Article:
Faced with this mimetism, our question becomes: can something can be mobilized for Sebastian? Can we hope to convoke him as a subject? What surprised us rather quickly was the fact that a few months after his arrival, Sebastian's parents told us that he had begun to speak and make himself better understood and that more comprehensible words and syllables had appeared. We had in fact made the same observation at the institute. This improvement was manifestly not connected with the speech therapy sessions but rather with the encounters he was making daily, in the workshops and in his environment. In fact, this seemed connected with what had been able to emerge as a wish, a demand belonging to him. From then on we began to be very attentive to any irruption of a non-mimetic demand, any maneuver that permitted him to obtain what he wished; we began also to question ourselves regarding the conditions necessary for Sebastian to make a choice.

But as we have already remarked, Sebastian can show himself to be very submissive to the other's speech, to which he responds most often with a "yes, yes!". The speech of the Other is thus an injunction. An example: although he usually takes a taxi to return home at night, someone asked him one day if his mother was going to pick him up that evening. Sebastian responded "yes" and, hence, refused to get into the taxi, convinced that his mother was coming. A lot of energy had to be spent to uncouple him from the words that he was realizing.

Taking into account this relationship with speech, how then were we to offer him a choice? In order that he might succeed we had to be attentive to how the problem was presented to him, i.e. in such a way that he would not simply become the puppet of the other's speech. If a choice was at stake, it was important to present both possibilities, because otherwise he responded to the only signifier that appeared.

Here is an example: at the beginning of the year, there was the matter of coordinating the workshops with school schedules. Sebastian seemed interested in a cooking workshop. But the schoolteacher pointed out that his class went to the pool at the same time and that Sebastian loved the pool. We agreed to let Sebastian choose. If we said, "Do you want the pool?", he responded with a "yes", and if we said, "Do you want the cooking workshop?" he responded with another "yes", even though he knew that the two took place at the same time. Sebastian thus took the question as an injunction. It was necessary to present him with the two signifiers "kitchen or pool?" and their context in order that a choice might become possible, that a gap be opened in such a way that the subject might slip into it. It was, moreover, at those moments that a modification on the level of speech was possible and that a word might appear. In the "pool or kitchen (cuisine ou piscine)" example, the syllable "-ine" being insufficient to specify his choice, Sebastian had to say the word "cuisine".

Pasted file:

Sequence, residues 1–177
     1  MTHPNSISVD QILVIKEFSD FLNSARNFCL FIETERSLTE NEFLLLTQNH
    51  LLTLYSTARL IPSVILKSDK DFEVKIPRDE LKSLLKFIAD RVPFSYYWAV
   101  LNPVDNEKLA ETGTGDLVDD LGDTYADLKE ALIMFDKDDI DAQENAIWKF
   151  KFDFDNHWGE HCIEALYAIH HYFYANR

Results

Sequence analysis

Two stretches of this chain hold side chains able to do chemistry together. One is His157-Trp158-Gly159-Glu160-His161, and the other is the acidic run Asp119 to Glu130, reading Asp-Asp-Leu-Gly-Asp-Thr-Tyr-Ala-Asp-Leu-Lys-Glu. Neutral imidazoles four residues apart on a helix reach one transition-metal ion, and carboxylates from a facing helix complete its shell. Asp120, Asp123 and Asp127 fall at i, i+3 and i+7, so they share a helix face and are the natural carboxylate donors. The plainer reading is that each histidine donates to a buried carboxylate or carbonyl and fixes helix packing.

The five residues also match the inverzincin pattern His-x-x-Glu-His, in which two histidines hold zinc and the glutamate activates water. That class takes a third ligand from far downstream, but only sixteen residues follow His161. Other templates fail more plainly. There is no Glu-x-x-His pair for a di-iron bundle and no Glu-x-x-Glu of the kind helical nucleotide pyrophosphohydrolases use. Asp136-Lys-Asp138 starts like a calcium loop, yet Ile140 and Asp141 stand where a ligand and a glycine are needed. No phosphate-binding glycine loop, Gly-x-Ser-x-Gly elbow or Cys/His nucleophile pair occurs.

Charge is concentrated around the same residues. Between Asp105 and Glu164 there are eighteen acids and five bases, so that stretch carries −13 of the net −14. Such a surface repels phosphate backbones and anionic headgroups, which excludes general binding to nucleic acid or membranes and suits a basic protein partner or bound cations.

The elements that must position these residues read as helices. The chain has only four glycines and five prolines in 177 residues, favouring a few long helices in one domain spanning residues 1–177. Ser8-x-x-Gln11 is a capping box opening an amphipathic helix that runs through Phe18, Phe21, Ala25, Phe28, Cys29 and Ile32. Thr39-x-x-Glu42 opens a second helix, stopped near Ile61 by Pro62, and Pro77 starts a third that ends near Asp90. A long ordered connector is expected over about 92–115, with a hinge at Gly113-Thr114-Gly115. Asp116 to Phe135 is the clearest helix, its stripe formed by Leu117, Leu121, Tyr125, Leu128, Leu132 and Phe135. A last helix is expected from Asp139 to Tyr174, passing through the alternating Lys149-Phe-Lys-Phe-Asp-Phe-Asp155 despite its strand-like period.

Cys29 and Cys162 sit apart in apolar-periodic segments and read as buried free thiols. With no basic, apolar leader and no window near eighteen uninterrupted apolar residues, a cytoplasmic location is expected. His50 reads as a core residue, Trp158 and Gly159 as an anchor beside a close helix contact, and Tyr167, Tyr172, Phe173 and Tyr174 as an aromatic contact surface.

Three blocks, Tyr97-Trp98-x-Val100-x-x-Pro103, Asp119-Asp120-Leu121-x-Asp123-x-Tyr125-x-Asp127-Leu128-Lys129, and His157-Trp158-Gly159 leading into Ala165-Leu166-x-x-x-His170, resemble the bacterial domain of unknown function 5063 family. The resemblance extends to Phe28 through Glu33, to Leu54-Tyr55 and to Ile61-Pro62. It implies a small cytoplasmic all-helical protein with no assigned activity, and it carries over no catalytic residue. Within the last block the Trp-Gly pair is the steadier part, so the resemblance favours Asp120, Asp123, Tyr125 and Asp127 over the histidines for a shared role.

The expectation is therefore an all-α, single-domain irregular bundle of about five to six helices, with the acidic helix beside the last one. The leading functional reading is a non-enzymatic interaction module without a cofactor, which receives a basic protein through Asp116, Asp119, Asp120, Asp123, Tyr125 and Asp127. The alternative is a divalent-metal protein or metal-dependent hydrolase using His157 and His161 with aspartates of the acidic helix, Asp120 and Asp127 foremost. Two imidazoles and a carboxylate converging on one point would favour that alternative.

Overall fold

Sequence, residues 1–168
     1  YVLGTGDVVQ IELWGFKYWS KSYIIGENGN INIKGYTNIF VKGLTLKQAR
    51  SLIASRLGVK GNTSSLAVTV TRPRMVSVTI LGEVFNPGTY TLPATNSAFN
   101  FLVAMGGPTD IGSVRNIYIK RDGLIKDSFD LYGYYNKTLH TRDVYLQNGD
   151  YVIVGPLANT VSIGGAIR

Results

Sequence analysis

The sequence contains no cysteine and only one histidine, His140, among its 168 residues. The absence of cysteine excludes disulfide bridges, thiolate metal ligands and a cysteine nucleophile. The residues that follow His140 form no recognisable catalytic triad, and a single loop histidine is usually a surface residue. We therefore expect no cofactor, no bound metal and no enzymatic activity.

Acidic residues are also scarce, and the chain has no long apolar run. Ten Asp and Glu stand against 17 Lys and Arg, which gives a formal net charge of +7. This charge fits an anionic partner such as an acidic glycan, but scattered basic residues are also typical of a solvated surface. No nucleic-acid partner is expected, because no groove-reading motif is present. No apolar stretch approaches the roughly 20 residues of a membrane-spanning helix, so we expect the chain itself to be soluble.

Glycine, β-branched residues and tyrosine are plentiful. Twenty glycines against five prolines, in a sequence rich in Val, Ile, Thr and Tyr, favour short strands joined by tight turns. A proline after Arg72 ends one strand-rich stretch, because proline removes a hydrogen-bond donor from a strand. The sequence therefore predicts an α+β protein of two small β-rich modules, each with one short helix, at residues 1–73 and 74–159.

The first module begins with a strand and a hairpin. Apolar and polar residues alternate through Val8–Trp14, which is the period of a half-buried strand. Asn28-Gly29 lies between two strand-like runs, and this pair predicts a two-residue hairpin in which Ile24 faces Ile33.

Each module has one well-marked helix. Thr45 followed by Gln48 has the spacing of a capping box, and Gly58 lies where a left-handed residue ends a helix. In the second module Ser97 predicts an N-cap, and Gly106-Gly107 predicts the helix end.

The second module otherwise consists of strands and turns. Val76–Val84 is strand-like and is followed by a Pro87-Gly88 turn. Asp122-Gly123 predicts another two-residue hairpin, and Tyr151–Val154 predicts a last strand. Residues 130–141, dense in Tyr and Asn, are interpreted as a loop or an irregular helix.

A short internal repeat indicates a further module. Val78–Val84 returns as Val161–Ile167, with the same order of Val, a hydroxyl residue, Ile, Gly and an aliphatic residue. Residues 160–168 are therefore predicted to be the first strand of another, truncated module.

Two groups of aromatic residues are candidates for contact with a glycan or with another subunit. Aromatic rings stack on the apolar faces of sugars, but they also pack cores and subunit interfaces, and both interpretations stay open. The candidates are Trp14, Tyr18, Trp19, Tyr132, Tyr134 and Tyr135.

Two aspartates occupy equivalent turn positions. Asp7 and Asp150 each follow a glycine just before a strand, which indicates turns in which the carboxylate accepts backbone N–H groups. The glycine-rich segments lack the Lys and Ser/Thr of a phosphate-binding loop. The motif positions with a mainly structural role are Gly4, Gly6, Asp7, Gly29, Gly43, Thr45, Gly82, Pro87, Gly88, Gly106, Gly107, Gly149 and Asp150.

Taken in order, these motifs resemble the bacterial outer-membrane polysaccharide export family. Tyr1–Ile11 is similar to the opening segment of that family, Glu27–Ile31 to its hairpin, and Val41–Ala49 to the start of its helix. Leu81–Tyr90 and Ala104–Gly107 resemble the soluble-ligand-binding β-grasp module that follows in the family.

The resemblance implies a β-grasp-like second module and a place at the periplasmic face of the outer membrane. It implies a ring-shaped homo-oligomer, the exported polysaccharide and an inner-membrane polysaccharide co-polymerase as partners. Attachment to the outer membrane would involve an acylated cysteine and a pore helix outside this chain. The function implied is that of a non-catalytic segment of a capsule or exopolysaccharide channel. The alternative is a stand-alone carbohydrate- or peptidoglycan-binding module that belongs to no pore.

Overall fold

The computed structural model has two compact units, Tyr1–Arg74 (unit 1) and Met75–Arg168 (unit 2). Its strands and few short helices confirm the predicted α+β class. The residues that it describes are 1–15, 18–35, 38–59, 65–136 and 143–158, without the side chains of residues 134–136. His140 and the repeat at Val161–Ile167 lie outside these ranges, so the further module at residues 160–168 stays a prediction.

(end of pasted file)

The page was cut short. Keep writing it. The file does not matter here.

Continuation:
In these conditions – by spotting his non-mimetic demands and being attentive to the way in which we present the problem – Sebastian can begin to make choices and show himself to demand precise things that are his own. He thus demanded to come to the institute during his vacation, to learn how to ride a bicycle, etc. These demands are his and find themselves uncoupled from any mimetism. Recently, and surprisingly, Sebastian asked to come and sleep at the Courtil. He said that he was big now and that he didn't want to share his room with "Ian-ian" anymore. He wanted his own room with his own key. He was very determined and even had trouble taking the taxi to return home (always the same fixed relationship with the signifier). We decided to accept this demand because it seemed to us that it was an attempt on the part of the psychotic subject (sujet de la psychose)1 - outside of discourse, alienated from the signifiers of the Other – to operate a separation. The demand to board at the institute that separated him in reality from "Ian-ian" was only the consequence of this attempt. But the most patent effect of this operation was that after a few days of boarding full-time, Sebastian began to articulate his words in a way that was much more understandable.

Perhaps it is important to underline, in conclusion, that when Sebastian made the demand to stay full-time, our reaction was almost immediate: "Yes!" No one in the team hesitated. It is not easy, however, to extract from the mass of demands that burst forth in an institution for children that demand which is different from the others. The key instrument here was the team meetings. It is there that the different experiences of the educators with the children are shared, matched up, and refined, and the detail has its place. Things must be gone over repeatedly. It is this painstaking work that allowed us to be ready to acknowledge the subject's act.




1Translator's note: "Sujet de la psychose" emphasizes the element of subjection in psychosis, the subject as subjected to psychosis.